Gazprom Takes Over Kyrgyz National Gas Network for $1

MOSCOW/BISHKEK — Gazprom has paid $1 to take over Kyrgyzstan's natural gas network and pledged to invest billions of rubles to upgrade its gas infrastructure and ensure stable supply, Russian and Kyrgyz government officials said.

Natural gas supplies to the impoverished mountainous nation of 5.5 million were repeatedly interrupted during the past winter due to its mounting unpaid bills to Kazakhstan and Uzbekistan.

The energy shortages caused widespread popular discontent with the government of the mainly Muslim country, where two presidents have been deposed by violent revolts since 2005.

A senior source at Russia's Energy Ministry said the deal on Gazprom's takeover of Kyrgyzstan's natural gas network was signed Friday afternoon.

"Gazprom will acquire [state gas company] Kyrgyzgaz for a symbolic $1," he said on condition of anonymity.

"It will buy its subsidiary under a scheme designed for protection from possible opposition from minority shareholders. Gazprom will invest 20 billion rubles ($609 million) in the first five years."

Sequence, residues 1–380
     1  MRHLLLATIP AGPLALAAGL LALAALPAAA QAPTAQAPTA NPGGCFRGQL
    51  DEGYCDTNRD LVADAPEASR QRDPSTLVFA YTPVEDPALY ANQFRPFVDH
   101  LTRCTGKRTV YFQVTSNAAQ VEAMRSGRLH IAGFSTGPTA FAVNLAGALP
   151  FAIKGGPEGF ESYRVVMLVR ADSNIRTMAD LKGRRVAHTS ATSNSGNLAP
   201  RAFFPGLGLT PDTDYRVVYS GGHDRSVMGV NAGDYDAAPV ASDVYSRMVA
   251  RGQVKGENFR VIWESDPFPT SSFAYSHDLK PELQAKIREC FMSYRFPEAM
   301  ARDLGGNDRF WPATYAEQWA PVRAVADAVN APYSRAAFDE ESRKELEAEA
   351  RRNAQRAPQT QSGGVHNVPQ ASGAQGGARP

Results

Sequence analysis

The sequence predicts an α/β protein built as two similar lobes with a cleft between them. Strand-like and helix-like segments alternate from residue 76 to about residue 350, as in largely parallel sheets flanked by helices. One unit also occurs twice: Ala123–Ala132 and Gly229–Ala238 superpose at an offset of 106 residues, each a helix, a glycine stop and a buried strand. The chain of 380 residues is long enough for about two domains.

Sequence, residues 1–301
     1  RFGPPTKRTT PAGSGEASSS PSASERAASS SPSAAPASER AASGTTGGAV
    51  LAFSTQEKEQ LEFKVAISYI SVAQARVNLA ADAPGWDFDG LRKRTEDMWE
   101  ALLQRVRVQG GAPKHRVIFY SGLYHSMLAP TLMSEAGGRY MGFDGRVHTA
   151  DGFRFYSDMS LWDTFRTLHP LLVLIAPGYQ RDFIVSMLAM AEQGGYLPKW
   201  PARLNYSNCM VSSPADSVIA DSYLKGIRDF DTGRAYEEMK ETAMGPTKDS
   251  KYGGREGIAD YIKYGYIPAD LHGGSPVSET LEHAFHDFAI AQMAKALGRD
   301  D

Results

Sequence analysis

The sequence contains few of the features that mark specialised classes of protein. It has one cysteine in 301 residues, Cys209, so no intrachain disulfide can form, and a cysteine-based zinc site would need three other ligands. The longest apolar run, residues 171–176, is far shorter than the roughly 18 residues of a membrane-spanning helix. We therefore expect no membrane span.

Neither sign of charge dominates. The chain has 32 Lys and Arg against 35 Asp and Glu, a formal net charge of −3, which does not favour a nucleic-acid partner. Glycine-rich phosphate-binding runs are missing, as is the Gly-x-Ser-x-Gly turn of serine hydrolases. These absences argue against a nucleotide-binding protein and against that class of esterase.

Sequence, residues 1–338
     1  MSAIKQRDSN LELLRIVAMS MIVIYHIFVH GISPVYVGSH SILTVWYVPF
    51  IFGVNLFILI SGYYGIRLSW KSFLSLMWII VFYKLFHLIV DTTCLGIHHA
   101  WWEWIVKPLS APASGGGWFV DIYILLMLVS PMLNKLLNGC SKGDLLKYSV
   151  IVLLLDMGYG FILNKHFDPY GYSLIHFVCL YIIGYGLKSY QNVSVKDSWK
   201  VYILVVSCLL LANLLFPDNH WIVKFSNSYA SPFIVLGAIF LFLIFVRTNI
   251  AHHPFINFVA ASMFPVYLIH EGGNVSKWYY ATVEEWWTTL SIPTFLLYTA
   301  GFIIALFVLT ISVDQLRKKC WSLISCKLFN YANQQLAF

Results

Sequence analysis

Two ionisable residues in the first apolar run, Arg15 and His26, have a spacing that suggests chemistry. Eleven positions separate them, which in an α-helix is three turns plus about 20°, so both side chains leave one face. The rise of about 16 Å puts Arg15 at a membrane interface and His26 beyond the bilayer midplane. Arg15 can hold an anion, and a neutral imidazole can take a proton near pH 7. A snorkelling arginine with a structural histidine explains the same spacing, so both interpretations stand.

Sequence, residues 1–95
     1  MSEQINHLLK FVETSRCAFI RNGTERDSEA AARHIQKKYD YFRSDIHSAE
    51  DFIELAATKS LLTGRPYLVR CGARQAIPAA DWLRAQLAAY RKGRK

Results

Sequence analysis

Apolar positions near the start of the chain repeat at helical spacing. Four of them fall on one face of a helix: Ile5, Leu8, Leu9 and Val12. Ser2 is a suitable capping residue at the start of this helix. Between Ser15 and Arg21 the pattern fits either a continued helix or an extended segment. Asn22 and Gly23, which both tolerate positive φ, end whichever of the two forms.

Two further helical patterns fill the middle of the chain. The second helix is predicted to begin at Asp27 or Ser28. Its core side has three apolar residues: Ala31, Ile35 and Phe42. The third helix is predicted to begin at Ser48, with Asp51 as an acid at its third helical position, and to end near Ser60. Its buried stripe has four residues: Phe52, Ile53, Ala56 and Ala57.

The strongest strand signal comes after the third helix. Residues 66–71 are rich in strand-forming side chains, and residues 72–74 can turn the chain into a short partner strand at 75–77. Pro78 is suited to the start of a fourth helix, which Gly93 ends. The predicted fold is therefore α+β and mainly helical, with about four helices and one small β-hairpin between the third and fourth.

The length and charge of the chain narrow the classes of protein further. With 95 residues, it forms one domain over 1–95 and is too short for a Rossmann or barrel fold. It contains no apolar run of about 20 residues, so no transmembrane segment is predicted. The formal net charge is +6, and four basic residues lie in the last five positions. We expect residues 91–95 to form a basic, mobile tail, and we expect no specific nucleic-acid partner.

The 25-year agreement, posted on a Russian government website, stipulates that Gazprom, the country's gas export monopoly, will guarantee the development and upgrade of Kyrgyzstan's gas equipment and pipelines as well as uninterrupted supplies of gas to local consumers.

A Kyrgyz official moved to dispel allegations by some nationalist opposition activists that the deal with Gazprom means heavier dependence on Russia.

"There should be no such concerns," said Alibek Stambekov, deputy chief of the energy sector and subsoil use department at the Kyrgyz government.

"One should not be talking about losing energy independence, but rather about boosting [energy] security and partnership. The arrival of Gazprom here means uninterrupted gas supplies."

In taking over Krygyzgaz, Gazprom will also assume its debts of about $40 million, Kyrgyz officials said. They also expected Moscow's energy giant to broker lower tariffs for gas bought from Kazakhstan and Uzbekistan.

Russia, which like the U.S. holds a military air base in Kyrgyzstan, has repeatedly stated an intention to strengthen the economic foothold in the country, which borders China.

Last September, Russia agreed to write off nearly $500 million of Kyrgyz debt in exchange for a package of hydropower projects in Kyrgyzstan and a 15-year extension of the lease for the Russian military base.

Kyrgyzstan's parliament last month gave the U.S. until July next year to shut its air force base, used to ferry U.S. personnel and cargo in and out of Afghanistan.

Minority shareholders in Kyrgyzgaz, who together hold 6.36 percent, include individuals and companies that bought shares for privatization vouchers. The company has not paid them dividends for years.

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